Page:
Housing Insanity

This is a good article on the housing bust, and a good site to check out what has been happening in the housing market, but while the article was well written, the actual stories being told left me with several no so good thoughts, such as “stupid idiots” and “wake the hell up people, what do you really think is going to happen” kind of thoughts.

Half-a-million dollar houses are always going to be grossly overpriced (why should it take a half-a-lifetimes income to buy shelter? Who in their right mind would pay such sums?), and in an inflated market, losing your shirt on such an ‘investment’ is a likely option. Bemoaning the fact that you made a terrible decision is rather pointless too. You should be blaming yourself, not the market.

Houses or any real estate, do not always go up in value. This is a cherished belief among homeowners, developers, real estate agents and mortgage companies. There is a ceiling to the worth of anything, just because it’s real estate doesn’t mean its always going to be a good investment.

I’ve waited a long time for prices around here to fall, they never did. But I’ve seen many real estate companies and agents pack up shop and leave, since the market is locked up tight and nothing is selling. Some owners are still holding out for ridiculous prices as other owners are forced out of their homes in foreclosures.

What really gets me about the article linked above is the disconnect from reality. Many, many people are still stupidly believing that we’re going to have prosperous times again and the old economic model of constant growth and increasing investment values are always going to go up, up, up.

This isn’t even possible anymore, this past week should have made that abundantly clear. Oh yeah, it might cost $10,000 for a loaf of bread in two years, and a $99,000,000,000 for a house, due to our devalued dollars, but that doesn’t mean that the actual value of things will have increased, it only means that your purchasing power was vaporized in a flash of political stupidity.

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8 thoughts on “Housing Insanity

  • October 14, 2008 at 6:59 am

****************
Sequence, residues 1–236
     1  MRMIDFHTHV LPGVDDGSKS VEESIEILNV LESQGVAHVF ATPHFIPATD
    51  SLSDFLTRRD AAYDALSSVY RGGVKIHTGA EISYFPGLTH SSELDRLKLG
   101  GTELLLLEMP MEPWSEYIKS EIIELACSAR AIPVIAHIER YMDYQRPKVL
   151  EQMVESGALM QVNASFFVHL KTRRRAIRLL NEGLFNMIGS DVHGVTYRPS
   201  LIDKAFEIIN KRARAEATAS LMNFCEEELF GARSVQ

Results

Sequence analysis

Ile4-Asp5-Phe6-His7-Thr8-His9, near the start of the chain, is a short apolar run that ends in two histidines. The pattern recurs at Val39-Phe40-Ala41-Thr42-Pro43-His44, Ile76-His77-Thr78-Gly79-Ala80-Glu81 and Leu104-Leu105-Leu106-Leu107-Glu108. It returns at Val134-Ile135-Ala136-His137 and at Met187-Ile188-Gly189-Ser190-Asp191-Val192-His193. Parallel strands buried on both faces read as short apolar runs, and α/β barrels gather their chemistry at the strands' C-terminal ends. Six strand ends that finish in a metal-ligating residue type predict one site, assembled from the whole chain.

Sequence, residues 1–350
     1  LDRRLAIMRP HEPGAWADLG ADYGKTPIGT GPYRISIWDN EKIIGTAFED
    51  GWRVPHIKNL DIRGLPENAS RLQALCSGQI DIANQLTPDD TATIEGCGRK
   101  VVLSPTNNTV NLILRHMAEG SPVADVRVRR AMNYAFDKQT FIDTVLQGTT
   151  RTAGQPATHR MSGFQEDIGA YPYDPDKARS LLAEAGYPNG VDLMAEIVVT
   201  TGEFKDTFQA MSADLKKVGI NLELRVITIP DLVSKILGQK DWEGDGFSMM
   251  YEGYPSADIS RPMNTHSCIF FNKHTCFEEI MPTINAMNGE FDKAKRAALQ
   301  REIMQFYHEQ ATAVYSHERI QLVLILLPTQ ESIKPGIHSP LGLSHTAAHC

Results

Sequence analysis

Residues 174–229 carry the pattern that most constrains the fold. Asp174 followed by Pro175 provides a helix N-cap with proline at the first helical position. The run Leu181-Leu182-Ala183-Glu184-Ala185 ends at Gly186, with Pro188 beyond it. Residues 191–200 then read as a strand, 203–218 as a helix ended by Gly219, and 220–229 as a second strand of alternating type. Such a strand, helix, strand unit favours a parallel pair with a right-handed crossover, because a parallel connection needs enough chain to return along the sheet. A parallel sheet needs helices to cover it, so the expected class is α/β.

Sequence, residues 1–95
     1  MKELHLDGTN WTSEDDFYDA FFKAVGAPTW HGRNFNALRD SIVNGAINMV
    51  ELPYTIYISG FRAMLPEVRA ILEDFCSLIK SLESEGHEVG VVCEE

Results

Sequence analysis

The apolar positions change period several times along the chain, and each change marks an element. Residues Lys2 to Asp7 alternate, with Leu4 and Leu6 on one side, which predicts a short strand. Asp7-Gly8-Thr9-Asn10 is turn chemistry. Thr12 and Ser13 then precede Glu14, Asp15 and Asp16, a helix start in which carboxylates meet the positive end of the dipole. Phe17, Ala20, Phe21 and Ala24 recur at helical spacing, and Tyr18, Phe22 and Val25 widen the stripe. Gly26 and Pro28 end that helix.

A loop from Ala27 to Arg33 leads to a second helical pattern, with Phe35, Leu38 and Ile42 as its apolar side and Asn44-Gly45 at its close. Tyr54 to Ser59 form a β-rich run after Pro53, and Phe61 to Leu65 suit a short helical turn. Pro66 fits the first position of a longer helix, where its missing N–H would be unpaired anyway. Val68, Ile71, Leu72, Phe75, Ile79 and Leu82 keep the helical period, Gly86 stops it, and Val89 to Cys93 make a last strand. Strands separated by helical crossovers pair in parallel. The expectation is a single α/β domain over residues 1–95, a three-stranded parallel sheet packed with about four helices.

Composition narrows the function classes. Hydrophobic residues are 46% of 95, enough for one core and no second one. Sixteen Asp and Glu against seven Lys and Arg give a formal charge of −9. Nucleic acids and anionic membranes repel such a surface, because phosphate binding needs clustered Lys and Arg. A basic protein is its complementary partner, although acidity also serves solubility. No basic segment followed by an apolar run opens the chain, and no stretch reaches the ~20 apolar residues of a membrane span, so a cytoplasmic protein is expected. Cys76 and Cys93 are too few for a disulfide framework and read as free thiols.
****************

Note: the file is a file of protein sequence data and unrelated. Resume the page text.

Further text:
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    When we rented this house, just over a year ago, the owner/landlord couldn’t understand why we weren’t just buying a house. I tried to explain the housing bubble, the credit bubble, etc – he didn’t get it.

    We have a business partner who just moved to Atlanta for a new day job. She left behind a not ‘yet’ sold house they had had custom built for themselves three years ago (when she already knew she HATED the job she was in) and have bought a house down there. Her husband has yet to find a job down there. Instead of having one mortgage and two incomes, they now have two mortgages and one income.

    Are they going to drop the price of the house up here so it will sell faster? Of course not [yet]- they’d get less than what they owe on it. So I guess they will hold out, as housing prices go lower and lower, and end up getting even less of what they owe when they give up.

  • October 14, 2008 at 8:51 am
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    Over at theautomaticearth, it’s obvious where this is all going. Greater centralized control, fewer banks, more government say, consolidated power. By re-capitalizing only ‘healthy’ (read cronnies) banks, you have triage. Picking the winners will also be the banks (link) whose executives are directors of the Fed.

    Remember the fight in Congress, and all the petititons, over the Paulson bail-out plan? Guess what, they’re going to use the money for purposes that Congress never meant to give it for. Just like that. Paulson’s Goldman bus-boy Neel Kash&Karry is going to buy direct stakes in banks, and not their casino toilet paper.

    Which means the paper will still remain in the vaults, and the lies about the value can continue. And Congress signed away all oversight. Word is that the money will be put only into “healthy banks”. Uh … If they were so healthy, they wouldnâ’d need it, would they?

    Another Goldman acolyte, Robert Zoellick, became the head of the World Bank after Paul Wolfowitz became too much of a profile risk. The World Bank is now taking it upon itself to “salvage” banks and economies in developing countries, together with the IMF.